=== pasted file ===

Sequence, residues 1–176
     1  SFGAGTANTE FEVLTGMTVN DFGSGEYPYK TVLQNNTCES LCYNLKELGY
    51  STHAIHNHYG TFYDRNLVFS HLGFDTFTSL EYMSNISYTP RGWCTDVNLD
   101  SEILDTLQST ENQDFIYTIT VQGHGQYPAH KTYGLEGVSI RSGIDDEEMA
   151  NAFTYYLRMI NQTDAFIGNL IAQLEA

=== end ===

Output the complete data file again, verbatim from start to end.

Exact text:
Sequence, residues 1–176
     1  SFGAGTANTE FEVLTGMTVN DFGSGEYPYK TVLQNNTCES LCYNLKELGY
    51  STHAIHNHYG TFYDRNLVFS HLGFDTFTSL EYMSNISYTP RGWCTDVNLD
   101  SEILDTLQST ENQDFIYTIT VQGHGQYPAH KTYGLEGVSI RSGIDDEEMA
   151  NAFTYYLRMI NQTDAFIGNL IAQLEA